The overall food security situation in southern Africa is set to remain
stable throughout the year following another successful farming season.
SADC has now recorded three consecutive years of good harvest. Satisfactory
yields recorded in the last three years as well as good rainfall predicted
between October and December could effectively mean that the region’s food
security situation would remain secure until next year and even beyond.
The Southern Africa Regional Climate Outlook Forum (SARCOF) predicts that much
of the southern half of the region will have higher chances of normal to below
normal rainfall between October and December. The rest of the region and most of
Madagascar and Mauritius are likely to receive normal to above normal rainfall
during this period.
As a result of the consecutive years of bumper harvest and a good rainfall
forecast, the Famine Early Warning Systems Network (FEWSNET) projects that
southern Africa would have sufficient food to meet its requirements.
“Food security conditions are projected to remain stable across the region
through December. Staple food supplies remain satisfactory following three
consecutive years of average to above‐average crop harvests regionally,” FEWSNET
said in its recent food security assessment.
FEWSNET said most markets in the region would remain adequately stocked with
staple foods, including those in deficit areas, as available foods find their
way from surplus to deficit areas through formal and informal trading.
Prices are expected to continue following normal seasonal patterns, with a few
exceptions mostly in markets around high consumption or deficit areas.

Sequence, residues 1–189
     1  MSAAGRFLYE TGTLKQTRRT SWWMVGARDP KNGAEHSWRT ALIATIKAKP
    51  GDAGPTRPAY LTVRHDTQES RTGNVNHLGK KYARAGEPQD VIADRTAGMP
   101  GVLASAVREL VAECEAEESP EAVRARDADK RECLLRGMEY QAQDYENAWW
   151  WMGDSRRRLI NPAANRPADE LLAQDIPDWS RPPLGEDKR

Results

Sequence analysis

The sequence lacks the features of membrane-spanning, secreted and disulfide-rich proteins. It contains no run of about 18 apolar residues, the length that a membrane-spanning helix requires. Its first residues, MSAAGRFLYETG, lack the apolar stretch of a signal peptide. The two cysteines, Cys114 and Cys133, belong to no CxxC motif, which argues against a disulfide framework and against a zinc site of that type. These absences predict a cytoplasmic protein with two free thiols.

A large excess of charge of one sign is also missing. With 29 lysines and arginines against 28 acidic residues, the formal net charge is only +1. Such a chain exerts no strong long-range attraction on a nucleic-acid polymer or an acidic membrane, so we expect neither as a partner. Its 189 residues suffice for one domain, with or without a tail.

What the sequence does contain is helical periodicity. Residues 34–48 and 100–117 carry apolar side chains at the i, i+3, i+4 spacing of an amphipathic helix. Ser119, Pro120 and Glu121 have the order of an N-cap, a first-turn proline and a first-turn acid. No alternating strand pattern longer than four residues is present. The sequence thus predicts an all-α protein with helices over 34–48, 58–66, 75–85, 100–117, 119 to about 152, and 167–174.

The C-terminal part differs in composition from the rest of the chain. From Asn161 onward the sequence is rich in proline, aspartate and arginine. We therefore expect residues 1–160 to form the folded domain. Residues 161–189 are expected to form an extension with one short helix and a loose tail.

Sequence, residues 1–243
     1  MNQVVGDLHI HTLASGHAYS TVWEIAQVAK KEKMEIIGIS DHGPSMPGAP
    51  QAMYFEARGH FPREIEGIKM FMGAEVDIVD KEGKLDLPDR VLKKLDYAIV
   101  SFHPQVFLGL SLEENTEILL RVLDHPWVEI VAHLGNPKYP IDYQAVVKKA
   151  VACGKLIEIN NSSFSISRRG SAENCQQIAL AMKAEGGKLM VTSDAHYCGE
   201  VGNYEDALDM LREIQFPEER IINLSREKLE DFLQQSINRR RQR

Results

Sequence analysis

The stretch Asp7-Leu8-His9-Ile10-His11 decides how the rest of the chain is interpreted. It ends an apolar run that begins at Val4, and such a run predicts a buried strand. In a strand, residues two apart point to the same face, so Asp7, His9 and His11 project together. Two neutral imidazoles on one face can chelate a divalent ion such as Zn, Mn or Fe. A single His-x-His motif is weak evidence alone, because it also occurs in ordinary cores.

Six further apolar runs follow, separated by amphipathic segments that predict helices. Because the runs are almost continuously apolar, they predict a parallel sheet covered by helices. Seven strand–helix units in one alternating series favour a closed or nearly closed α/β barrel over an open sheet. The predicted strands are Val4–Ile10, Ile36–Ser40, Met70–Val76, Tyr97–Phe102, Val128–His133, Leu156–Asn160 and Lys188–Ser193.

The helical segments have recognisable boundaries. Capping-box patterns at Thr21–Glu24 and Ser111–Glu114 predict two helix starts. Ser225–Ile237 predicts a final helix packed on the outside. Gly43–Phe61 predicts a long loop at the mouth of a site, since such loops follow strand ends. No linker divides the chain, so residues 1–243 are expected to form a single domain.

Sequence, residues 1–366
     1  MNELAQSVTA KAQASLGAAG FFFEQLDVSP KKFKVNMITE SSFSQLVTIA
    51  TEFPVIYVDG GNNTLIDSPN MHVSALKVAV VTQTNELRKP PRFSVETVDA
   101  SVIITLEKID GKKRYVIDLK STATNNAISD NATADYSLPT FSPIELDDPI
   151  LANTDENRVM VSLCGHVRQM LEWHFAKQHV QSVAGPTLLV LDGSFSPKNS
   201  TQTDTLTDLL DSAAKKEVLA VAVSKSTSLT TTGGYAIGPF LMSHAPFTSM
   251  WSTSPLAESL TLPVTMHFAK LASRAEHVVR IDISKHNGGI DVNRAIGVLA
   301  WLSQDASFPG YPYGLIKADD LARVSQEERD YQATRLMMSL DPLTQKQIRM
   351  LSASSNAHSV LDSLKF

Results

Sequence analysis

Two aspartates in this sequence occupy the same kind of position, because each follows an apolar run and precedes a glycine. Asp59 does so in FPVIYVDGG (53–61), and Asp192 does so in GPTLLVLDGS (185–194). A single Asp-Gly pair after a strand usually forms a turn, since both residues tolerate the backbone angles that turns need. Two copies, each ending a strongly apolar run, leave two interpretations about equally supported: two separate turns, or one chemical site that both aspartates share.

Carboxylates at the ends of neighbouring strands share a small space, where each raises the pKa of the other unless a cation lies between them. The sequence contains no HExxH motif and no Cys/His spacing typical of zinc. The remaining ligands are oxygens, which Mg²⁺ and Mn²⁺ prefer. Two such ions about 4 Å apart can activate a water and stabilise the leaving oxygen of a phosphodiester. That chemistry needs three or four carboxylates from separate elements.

Southern Africa has managed to turn around its fortunes from being a food
deficit region to one producing surplus grain due to various agricultural
interventions by national governments to boost production.
These interventions include investing more in improved agricultural inputs such
as seeds and fertilizer as well as targeted subsidy programmes that result in
farmers accessing agricultural inputs and farm implements at cheaper rates.
Member States have pledged to allocate at least 10 percent of their national
budgets to agriculture and rural development to improve food security in the
region. This is in line with the Dar es Salaam Declaration on Agriculture and
Food Security signed by regional leaders in 2004.
The Dar es Salaam Declaration on Agriculture and Food Security adopted a number
of priority areas on which the region should focus in the short-term (2004-2006)
and medium-to-long term (2004-2010) to achieve food security.
A progress report prepared by SADC Ministers responsible for Agriculture and
Food Security said the implementation of the declaration has significantly
contributed to food security in the region with some countries experiencing
bumper harvests in the last few years.
For example, Malawi has moved from being a food deficit country to one producing
surplus grain for other SADC countries. This phenomenal increase in production
has saved the country a yearly budget of US$120 million that it had spent in
2005 importing food.
Other countries such as Botswana, Zambia and Zimbabwe that have vigorously
implemented the agricultural plan have seen production rising steadily.
For example, of the 32 percent increase in cereal production recorded in SADC
between 2005 and 2009, Botswana (though not a major cereal producer in SADC)
recorded the highest increase, thus highlighting how countries are working
towards boosting production and improving food security in their respective
countries as well as the entire SADC region.
However, despite bumper harvest in most SADC countries, there has been concern
over the large numbers of people requiring food and non-food assistance in the
region due to various factors. These factors include high prices of fuel, low
income, low prices for some of the cash crops and outbreak of livestock diseases
and human disease such as the spread of HIV.
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SANF is produced by the Southern African Research and Documentation Centre (SARDC), which has monitored regional developments since 1985